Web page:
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From the article:

Systemic immune-inflammation index (SII) is a novel inflammatory marker based on the composition ratio of blood cell counts. In this study, we evaluated the association between the SII and cerebral small vessel disease (cSVD) in health check-up participants. We evaluated participants from our health check-up registry between 2006 and 2013. The SII was calculated using the following formula: SII = (platelet count × neutrophil count)/lymphocyte count. cSVD was assessed by considering white matter hyperintensity (WMH) volume, lacunes, and cerebral microbleeds (CMBs). A total of 3187 participants were assessed. In multivariable linear regression analysis, the SII was significantly related to WMH volume [β = 0.120, 95% confidence interval (CI) 0.050–0.189]. However, lacunes and CMBs showed no statistical significance with the SII. In the subgroup analysis by age, the SII was significantly associated with WMH volume only in participants aged ≥ 60 years (β = 0.225, 95% CI 0.068–0.381). In conclusion, a high SII was associated with cSVD. Since this association was more pronounced in WMH than in lacunes or CMBs, WMH might be closer to the inflammation-related pathological mechanisms.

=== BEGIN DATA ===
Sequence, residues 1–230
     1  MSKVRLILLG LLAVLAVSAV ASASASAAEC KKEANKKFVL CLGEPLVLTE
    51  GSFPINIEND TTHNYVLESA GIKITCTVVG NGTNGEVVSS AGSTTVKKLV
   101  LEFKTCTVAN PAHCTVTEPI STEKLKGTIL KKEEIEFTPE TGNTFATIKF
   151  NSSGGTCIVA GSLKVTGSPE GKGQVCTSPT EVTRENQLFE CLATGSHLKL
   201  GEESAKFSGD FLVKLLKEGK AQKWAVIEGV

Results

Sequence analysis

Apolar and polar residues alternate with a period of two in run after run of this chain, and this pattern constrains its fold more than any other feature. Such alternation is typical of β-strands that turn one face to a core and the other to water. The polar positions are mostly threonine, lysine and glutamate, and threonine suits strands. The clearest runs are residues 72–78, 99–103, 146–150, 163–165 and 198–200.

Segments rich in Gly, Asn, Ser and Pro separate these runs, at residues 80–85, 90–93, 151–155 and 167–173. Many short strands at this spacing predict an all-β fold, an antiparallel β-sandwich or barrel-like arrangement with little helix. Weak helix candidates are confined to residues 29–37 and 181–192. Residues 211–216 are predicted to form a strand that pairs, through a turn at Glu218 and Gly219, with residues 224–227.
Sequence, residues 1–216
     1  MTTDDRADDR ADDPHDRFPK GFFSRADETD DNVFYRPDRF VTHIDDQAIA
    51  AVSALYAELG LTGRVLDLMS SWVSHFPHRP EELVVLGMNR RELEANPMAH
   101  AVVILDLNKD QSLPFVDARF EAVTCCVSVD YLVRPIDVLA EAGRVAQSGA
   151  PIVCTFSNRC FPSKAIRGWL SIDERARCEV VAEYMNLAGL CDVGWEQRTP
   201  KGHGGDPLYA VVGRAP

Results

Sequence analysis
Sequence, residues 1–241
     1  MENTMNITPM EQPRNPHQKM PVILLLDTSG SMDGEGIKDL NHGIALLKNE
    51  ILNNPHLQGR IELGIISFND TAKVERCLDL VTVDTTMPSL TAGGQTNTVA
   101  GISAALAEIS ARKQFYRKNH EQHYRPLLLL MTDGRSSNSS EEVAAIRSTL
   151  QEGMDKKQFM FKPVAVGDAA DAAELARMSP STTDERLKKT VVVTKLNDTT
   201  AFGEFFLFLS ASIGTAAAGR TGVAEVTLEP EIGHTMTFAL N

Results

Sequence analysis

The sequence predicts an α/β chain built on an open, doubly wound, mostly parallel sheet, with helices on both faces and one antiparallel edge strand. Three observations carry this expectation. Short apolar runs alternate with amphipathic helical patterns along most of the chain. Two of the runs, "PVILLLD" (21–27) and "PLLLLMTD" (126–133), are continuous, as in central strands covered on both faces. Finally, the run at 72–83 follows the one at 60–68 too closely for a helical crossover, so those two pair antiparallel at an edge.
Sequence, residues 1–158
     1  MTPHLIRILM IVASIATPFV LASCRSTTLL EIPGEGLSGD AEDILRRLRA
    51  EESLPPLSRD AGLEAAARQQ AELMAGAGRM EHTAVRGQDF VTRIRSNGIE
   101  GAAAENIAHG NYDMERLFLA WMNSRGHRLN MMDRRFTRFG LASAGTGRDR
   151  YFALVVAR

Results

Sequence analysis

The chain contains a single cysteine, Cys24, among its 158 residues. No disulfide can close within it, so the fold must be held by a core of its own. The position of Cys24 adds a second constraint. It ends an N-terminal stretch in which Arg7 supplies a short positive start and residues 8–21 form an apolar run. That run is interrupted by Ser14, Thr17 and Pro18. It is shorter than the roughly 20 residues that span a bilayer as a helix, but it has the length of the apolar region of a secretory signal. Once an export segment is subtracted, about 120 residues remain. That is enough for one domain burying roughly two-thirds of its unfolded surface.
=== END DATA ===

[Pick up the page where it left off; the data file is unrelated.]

Age-related changes in systemic inflammation:

Interestingly, the close association between the SII and WMH volume in our study was significant only in older participants aged ≥ 60 years. This might be related to the aging-related changes in the homeostatic maintenance of our body’s inflammation and immunity (e.g., inflammaging, immunosenescence, and homeostenosis)

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